The turbo engine is slightly less thirsty, scoring 23/31/26 (FWD) and 21/29/24 (AWD). Upgrading to the V6 will, unsurprisingly, suck the most fuel: we’re talking 20/29/23 mpg for front-drive models, and 19/27/22 for all-paw power.
Bottom Line: The Cherokee has many more powertrain options and gets similar fuel economy despite having more weight to lug around. It definitely has the upper hand with regards to powertrains.
Compass: When we drove the 2019 Jeep Compass, we said it “rides adequately, and that “the steering gives off a feeling of heft and command based on how heavy it is.” We didn’t like the 2.4-liter engine, though, saying the ” Compass never feels as fast or powerful as the numbers would suggest.”
Cherokee: When we drove a Jeep Cherokee Trailhawk (that’s the off-road-focused model) we said that “hitting the gas or brakes causes the vehicle to sway up and down in a very noticeable way,” due to the optional soft suspension, although regular models won’t have this issue. We also said the steering was “acceptable,” although a bit numb and we weren’t big on the nine-speed transmissions penchant to jump around between gears.
Bottom Line: While neither of these vehicles offers outstanding on-road driving dynamics, they both offer good available capability thanks to Jeep’s all-wheel drive system. The Cherokee’s three engines allow you to select a powertrain that better suits your driving style, but if you don’t appreciate off-road capability, you may want to look elsewhere for a truly stellar on-road driving experience.
Compass: The Compass is available with the latest version of Jeep’s Uconnect infotainment system with Apple CarPlay, which is available with a range of screen sizes including the 7.0-inch display. A 7.0-inch TFT driver’s display is also available, along with active safety features such as blind spot monitoring, forward collision warning with active braking and much more.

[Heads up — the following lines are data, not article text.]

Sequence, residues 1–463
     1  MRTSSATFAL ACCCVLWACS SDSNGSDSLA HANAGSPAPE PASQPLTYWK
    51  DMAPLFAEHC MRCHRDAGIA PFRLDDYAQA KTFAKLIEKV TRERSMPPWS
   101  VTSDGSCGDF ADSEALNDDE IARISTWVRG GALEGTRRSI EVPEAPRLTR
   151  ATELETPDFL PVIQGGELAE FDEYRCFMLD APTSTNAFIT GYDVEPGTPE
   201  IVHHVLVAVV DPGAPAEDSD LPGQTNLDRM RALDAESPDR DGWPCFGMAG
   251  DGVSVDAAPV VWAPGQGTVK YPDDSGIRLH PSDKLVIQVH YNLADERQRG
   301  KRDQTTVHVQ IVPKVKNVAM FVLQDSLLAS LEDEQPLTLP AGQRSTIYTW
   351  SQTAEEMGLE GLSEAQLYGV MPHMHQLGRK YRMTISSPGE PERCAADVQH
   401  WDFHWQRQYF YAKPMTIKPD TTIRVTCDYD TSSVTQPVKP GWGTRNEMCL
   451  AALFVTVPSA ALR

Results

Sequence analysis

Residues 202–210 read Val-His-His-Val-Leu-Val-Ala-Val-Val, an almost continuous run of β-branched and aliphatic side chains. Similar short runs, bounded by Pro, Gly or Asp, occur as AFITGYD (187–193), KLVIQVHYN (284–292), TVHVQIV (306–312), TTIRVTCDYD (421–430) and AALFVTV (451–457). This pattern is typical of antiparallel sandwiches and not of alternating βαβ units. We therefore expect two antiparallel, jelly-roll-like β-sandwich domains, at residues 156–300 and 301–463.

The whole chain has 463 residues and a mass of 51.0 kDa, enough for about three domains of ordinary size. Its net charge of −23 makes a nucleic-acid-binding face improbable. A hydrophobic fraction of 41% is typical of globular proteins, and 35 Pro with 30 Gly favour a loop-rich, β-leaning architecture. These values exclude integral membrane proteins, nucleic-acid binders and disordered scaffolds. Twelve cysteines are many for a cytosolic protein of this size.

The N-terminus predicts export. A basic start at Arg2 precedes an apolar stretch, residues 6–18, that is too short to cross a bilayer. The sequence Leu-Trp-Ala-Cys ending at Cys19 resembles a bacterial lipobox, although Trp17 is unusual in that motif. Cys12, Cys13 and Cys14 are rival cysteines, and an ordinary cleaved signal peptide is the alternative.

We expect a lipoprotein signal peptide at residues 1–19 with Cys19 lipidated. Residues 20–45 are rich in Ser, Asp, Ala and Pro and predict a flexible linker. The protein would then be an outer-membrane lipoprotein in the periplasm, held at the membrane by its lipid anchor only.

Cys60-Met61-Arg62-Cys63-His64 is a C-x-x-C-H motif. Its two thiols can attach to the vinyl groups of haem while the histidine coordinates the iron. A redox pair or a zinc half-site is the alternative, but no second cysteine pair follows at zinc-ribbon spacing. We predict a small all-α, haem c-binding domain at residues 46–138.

Cherokee: The Cherokee is offered with very similar tech including an available 8.4-inch Uconnect infotainment system with Apple CarPlay (lesser models offer the 7.0-inch also in the Compass) along with active safety tech like blind spot monitoring, forward collision alert with full speed active brake and available adaptive cruise. The Cherokee also has tow-friendly tech like trailer sway control that the Compass does not.
Bottom Line: The Cherokee offers trailer sway control for those who want to tow, but that’s really the only discernible advantage over the Compass tech-wise. The interior tech, having been taken from the same Fiat Chrysler/Jeep parts bin, is nearly identical, although the Cherokee offers an optional 8.4-inch screen over the Compass’ max screen size of 7.0 inches.
Compass: The FWD Jeep Compass Sport starts at $25,410. AWD is a $1,500 premium across all trims. Moving up to the better-equipped Latitude trim comes with a $27,655 sticker. The top-shelf Trailhawk, available with AWD only, will run you $32,555.
Cherokee: The FWD Cherokee 2.4-liter starts at $28,050 for a Latitude model—adding AWD bumps the price up by $1,500. Jeep offers a whole bunch of trims for the Cherokee, and it culminates in the $37,090 Trailhawk (AWD only) $38,480 High Altitude (FWD or AWD) trims.
Bottom Line: How important is the bigger size of the Cherokee to you? It’s base price aligns with the mid-spec Compass models, so if you prefer more features for similar cash, choose Compass. If size is what you’re looking for, the Cherokee is likely the better choice.
The Verdict: Jeep Cherokee vs Compass
These vehicles are very similar, but they each have their own advantages.
The Compass has more mature styling, in our opinion, and looks more upmarket. It is also less expensive and has good interior and cargo space for being a compact.
The Cherokee, meanwhile, offers three powertrains versus the Compass’ one, including a powerful 2.0-liter engine. It also has a towing package. This sets the Cherokee apart from the Compass and positions as more of a true SUV than a crossover.
If you’re just looking for a daily driver, the Compass may be better suited to you. If you want to tow or frequently carry a lot of cargo, the Cherokee might be the better pick.